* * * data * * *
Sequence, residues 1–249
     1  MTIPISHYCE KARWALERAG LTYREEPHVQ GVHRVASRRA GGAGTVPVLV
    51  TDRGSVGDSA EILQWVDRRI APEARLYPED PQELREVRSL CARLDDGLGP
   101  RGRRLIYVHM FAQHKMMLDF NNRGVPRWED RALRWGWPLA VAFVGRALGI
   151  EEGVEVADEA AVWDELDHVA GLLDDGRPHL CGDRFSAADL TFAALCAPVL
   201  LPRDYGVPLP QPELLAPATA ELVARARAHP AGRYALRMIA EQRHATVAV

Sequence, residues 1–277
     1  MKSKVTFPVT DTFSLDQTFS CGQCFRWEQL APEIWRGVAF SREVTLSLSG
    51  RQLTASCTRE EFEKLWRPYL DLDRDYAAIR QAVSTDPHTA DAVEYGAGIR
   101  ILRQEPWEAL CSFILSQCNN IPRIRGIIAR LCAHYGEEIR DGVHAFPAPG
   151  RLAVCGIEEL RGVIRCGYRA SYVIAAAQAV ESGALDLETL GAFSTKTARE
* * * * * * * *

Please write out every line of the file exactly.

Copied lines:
Sequence, residues 1–249
     1  MTIPISHYCE KARWALERAG LTYREEPHVQ GVHRVASRRA GGAGTVPVLV
    51  TDRGSVGDSA EILQWVDRRI APEARLYPED PQELREVRSL CARLDDGLGP
   101  RGRRLIYVHM FAQHKMMLDF NNRGVPRWED RALRWGWPLA VAFVGRALGI
   151  EEGVEVADEA AVWDELDHVA GLLDDGRPHL CGDRFSAADL TFAALCAPVL
   201  LPRDYGVPLP QPELLAPATA ELVARARAHP AGRYALRMIA EQRHATVAV

Sequence, residues 1–277
     1  MKSKVTFPVT DTFSLDQTFS CGQCFRWEQL APEIWRGVAF SREVTLSLSG
    51  RQLTASCTRE EFEKLWRPYL DLDRDYAAIR QAVSTDPHTA DAVEYGAGIR
   101  ILRQEPWEAL CSFILSQCNN IPRIRGIIAR LCAHYGEEIR DGVHAFPAPG
   151  RLAVCGIEEL RGVIRCGYRA SYVIAAAQAV ESGALDLETL GAFSTKTARE